Exercise improves physiological function and may improve mood. Some psychologists suggest that mood changes are mediated predominately by self-efficacy rather than physical ability. We examined self-efficacy, mood, aerobic power, and strength in men undergoing exercise training and antihypertensive therapy of calcium-channel and beta-blocking drugs. Because beta blockers limit the physiological benefits of exercise, we evaluated psychological responses independent of physiological gains.Methods
Fifty-one men (25–59 years) with mild hypertension were randomized to diltiazen (calcium-channel blocker), propranolol (beta-blocker), or placebo. Subjects completed 10 weeks of circuit weight training, and walking, jogging, or cycling. Study variables included Profile of Mood States (POMS), self-efficacy (SE) for arms and legs, maximal oxygen uptake, and maximal strength for arm and leg exercises.Results
Baseline aerobic power, POMS, and SE scores were unrelated. POMS did not relate to strength. Arm SE related to arm and leg strength. Leg SE related to leg strength only. After training, aerobic power increased in the diltiazem and placebo groups, but not in the propranolol group. Strength, and arm and leg SE increased in all groups. After training, POMS tension/anxiety and total mood disturbance decreased and vigor/alertness increased in all groups. Gains in aerobic power and strength were not related to mood or SE changes.Results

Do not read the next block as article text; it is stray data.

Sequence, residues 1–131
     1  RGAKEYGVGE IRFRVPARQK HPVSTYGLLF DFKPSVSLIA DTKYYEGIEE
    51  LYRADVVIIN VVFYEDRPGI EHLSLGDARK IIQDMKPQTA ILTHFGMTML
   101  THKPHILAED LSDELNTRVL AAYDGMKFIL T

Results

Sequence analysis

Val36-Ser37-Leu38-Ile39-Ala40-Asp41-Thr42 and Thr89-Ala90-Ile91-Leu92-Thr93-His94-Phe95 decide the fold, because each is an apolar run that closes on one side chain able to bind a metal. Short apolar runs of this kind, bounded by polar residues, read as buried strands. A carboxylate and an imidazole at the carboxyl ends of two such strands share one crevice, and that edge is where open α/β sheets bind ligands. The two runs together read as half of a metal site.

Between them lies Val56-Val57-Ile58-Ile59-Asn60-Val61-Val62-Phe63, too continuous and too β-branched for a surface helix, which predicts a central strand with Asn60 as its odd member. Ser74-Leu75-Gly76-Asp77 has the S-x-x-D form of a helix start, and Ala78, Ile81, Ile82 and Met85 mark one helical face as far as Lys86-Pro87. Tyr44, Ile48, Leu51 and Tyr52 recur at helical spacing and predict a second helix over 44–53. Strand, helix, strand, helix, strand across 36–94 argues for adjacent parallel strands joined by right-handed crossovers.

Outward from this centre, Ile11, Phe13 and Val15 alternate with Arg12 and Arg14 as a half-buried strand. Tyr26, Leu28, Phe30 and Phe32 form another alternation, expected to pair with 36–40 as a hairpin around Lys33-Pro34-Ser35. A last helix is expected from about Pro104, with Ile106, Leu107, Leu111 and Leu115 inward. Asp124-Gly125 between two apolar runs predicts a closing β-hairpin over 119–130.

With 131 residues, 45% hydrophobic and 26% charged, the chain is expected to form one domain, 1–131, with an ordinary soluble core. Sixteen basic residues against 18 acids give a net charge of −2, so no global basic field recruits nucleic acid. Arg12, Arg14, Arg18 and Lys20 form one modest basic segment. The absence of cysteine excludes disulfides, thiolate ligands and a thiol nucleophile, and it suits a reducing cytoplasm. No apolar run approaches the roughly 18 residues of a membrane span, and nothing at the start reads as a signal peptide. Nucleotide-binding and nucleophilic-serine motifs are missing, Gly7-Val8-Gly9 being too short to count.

Tension/anxiety, depression/dejection, confusion/bewilderment, and total mood disturbance changes related to SE changes.Conclusions
Thus, psychological changes were unrelated to physical ability. Self-efficacy and several mood dimensions were related. The data suggest that changes in mood may be mediated by changes in perceived abilities.